FRAMINGHAM (10/03/2003) - Iron Mountain Inc. this week announced a consulting service aimed at helping financial services firms comply with increasing pressure from regulatory agencies to store internal and external electronic correspondence.
Boston-based Iron Mountain said its Records Management Program Gap Analysis service can gauge a company's retention approaches and recommend changes, including the addition of e-mail archiving and search capabilities that can be outsourced or developed in-house.
David Young, director of business systems at the Common Fund for Nonprofit Organizations, a broker/dealer in Wilton, Connecticut, said he began using Iron Mountain's message archiving and search service for Microsoft Exchange in January because of regulatory pressures and an increased threat of litigation.
The U.S. Securities and Exchange Commission requires financial services firms to store all e-mail traffic in its original form for at least three years and to make those communications "accessible" for the first two years. The National Association of Securities Dealers Inc. also has rules that require brokerages to monitor and store communications with their clients.
Young said that trying to comply with the retention rules on your own can become "an administrative nightmare" for IT managers. "You've got boxes [of paper documents] to deal with, optical storage to deal with, you need additional IT support for disaster recovery, and you need to make sure your servers are up and on the network," he said.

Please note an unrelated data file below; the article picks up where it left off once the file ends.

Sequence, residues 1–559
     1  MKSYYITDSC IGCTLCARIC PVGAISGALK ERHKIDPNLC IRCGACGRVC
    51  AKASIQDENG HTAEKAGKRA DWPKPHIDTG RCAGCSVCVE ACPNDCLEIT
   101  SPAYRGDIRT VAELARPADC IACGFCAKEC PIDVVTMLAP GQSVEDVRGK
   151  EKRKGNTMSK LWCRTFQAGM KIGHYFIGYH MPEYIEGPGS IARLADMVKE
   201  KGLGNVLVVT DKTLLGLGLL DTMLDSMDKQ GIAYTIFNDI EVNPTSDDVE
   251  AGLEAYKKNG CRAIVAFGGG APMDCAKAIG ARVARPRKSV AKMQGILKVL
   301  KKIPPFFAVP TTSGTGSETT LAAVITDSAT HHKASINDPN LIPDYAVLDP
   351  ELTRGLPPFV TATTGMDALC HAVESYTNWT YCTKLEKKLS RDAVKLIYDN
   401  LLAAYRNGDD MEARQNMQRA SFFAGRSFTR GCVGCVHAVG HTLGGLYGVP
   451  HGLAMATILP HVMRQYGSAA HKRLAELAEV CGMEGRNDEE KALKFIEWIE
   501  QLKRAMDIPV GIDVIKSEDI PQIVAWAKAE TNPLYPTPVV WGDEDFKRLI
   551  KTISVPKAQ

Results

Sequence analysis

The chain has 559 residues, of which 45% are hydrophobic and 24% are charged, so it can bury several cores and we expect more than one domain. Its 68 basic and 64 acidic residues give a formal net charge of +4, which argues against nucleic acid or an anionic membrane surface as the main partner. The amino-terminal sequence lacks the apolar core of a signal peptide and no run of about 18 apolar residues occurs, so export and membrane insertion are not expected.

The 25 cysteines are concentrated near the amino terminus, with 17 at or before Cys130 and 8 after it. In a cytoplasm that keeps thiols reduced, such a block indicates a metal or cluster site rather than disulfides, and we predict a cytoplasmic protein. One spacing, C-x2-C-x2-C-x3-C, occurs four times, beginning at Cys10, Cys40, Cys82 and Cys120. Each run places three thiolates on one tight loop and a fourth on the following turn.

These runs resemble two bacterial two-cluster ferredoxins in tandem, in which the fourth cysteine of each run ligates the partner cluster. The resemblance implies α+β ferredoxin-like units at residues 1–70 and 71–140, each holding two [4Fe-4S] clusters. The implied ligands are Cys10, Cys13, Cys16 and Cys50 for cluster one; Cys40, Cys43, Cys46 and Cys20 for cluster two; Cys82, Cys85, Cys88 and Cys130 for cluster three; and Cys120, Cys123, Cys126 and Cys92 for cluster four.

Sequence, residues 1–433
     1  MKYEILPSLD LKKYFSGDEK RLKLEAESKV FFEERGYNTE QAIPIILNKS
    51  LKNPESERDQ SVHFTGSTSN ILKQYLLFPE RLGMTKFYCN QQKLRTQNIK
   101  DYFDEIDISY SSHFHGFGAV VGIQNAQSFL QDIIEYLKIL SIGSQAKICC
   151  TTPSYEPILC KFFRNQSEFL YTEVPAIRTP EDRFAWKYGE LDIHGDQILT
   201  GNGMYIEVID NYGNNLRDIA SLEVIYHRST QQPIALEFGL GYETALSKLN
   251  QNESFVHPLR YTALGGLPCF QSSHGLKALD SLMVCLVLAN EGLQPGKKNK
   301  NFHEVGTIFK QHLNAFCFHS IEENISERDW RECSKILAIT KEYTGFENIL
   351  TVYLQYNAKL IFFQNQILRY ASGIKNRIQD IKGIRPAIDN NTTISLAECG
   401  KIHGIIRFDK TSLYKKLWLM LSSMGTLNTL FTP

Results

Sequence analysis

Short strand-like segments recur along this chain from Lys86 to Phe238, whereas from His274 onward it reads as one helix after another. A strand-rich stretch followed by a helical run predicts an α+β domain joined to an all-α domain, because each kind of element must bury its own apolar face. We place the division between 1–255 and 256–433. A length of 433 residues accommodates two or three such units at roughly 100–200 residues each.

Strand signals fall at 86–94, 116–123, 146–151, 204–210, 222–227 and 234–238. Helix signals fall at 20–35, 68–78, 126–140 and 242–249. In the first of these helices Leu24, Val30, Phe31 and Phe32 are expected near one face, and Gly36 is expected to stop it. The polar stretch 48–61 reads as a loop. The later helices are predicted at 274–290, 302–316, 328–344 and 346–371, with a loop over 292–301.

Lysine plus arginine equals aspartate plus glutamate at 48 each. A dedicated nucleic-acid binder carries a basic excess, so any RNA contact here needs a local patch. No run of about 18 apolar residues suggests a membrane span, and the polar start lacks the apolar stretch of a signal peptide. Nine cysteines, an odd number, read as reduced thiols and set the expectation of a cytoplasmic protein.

Brian Babineau, an analyst at Enterprise Storage Group Inc. in Milford, Massachusetts, said a cottage industry has grown up around regulatory compliance within the financial services market. But he cautioned that outsourcing isn't always the right answer, although it's more often the smart one for small to midsize businesses.
Babineau said chief information officers and corporate attorneys need to work in "lockstep" to fully understand the message-retention rules and then determine whether their companies face compliance risks. He added that even large Wall Street brokerages with sufficient IT resources have to be careful to ensure that companies they acquire are compliant.
"It's not the e-mails created two months ago you have to worry about as much as the e-mail created two years ago when you brought [the new company] on board," he said.
Iron Mountain's e-mail archiving service, which was announced in January (see story), uses EMC Corp.'s Centera disk arrays and Arlington, Texas-based KVS Inc.'s mailbox management and compliance supervision software. But Iron Mountain officials said the gap analysis service can be used separately to help IT managers prepare for development or upgrades of in-house archives.
Charles Bennett, director of compliance at Horner, Townsend and Kent, the broker/dealer division of Penn Mutual Life Insurance Co. in Horsham, Pennsylvania, said the company's 16,000 sales representatives can generate as many as 12,000 e-mail messages a day. Bennett added that he plans to begin using Iron Mountain's Web-based archiving service this month.